You learn everyday about what works with the audience, and the challenge is to find the audience pulse with your own sensibility. It can be quite a seesaw, because there are constant commercial pressures, and only what rates survive, and other than the show itself, there are so many factors that determine popularity, such as the platform, promotion, scheduling, and so on. The fact that commercial satellite broadcasters entrust with the work they do, is because there’s an acknowledgement that, what the trade calls, ‘classy’ shows can be viable and profitable.
Anil (Arjun) was telling me that you want to make a foray into fiction. What kind of programming do you want to do, not saas-bahu, child remarriage hopefully… You did do ‘Jiya Jale’ on 9X, but you know 9X…
We have a clutch of fiction projects in the works, which have to find enough of an audience or perish. In content, genre, and presentation, we are shaping each to be distinctive and relevant.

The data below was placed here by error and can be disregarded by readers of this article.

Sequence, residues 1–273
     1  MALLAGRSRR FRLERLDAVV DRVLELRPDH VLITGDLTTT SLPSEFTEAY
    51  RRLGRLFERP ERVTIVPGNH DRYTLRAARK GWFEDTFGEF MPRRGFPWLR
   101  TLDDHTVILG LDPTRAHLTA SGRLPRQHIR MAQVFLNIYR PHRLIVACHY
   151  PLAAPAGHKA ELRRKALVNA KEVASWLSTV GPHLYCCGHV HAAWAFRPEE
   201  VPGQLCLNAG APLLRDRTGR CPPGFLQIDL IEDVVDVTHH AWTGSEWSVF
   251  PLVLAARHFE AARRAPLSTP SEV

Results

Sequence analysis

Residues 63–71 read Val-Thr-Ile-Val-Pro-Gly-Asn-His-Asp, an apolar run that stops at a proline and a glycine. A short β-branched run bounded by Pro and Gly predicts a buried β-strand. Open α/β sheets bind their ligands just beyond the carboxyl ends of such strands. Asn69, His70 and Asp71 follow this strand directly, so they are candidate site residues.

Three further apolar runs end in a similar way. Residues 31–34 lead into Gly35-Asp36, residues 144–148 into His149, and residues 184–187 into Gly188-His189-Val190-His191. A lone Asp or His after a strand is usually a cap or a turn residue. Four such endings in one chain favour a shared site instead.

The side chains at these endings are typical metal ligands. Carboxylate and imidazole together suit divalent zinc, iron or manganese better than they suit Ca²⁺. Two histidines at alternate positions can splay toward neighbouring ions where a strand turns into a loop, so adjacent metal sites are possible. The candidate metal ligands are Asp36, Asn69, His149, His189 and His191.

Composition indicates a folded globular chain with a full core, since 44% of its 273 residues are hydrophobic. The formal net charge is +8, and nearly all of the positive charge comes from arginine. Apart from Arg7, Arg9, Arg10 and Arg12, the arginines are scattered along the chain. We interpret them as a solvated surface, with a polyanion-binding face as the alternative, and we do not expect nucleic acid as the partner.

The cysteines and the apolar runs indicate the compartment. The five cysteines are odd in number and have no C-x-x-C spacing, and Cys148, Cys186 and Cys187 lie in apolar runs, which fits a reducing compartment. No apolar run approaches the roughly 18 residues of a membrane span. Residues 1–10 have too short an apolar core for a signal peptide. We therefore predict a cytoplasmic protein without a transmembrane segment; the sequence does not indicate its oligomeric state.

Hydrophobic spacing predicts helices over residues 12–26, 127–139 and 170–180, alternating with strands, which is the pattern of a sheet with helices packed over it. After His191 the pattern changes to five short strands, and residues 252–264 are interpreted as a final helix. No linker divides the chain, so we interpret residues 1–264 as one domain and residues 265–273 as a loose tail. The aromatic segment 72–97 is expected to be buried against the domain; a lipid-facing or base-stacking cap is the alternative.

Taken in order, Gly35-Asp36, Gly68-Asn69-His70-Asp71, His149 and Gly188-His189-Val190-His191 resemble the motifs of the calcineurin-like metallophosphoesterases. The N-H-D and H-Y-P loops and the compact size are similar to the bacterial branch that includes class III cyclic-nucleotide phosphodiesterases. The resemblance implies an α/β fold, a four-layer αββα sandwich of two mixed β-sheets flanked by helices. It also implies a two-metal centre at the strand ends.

What is the size of your team now, given that you have five big ticket shows and how do you keep the creative juices running?
We are producing both out of Mumbai and Delhi, and the project staff of Big Synergy on our current shows is about 200-strong. We have good team leaders working with separate teams on content, but we have a committed and capable core team that backs up with systems, production and sensibility.
Your own views on ‘Sach Ka Saamna’, after all it has stirred serious debate…
Although there are those who find the format provocative, we’ve tried to hold up a true mirror to what is going on in the personal space of Indians today.
(Sandeep Bamzai is a well-known journalist, who started his career as a stringer with The Statesman in Kolkata in 1984. He has held senior editorial positions in some of the biggest media houses in three different cities - Kolkata, Mumbai and New Delhi. In late 2008, he joined three old friends to launch a start-up – Sportzpower Network – which combines his two passions of business and sport. Familiar with all four media – print, television, Internet and radio, Bamzai is the author of three different books on cricket and Kashmir.
The views expressed here are of the writer’s and not those of the editors and publisher of exchange4media.com.)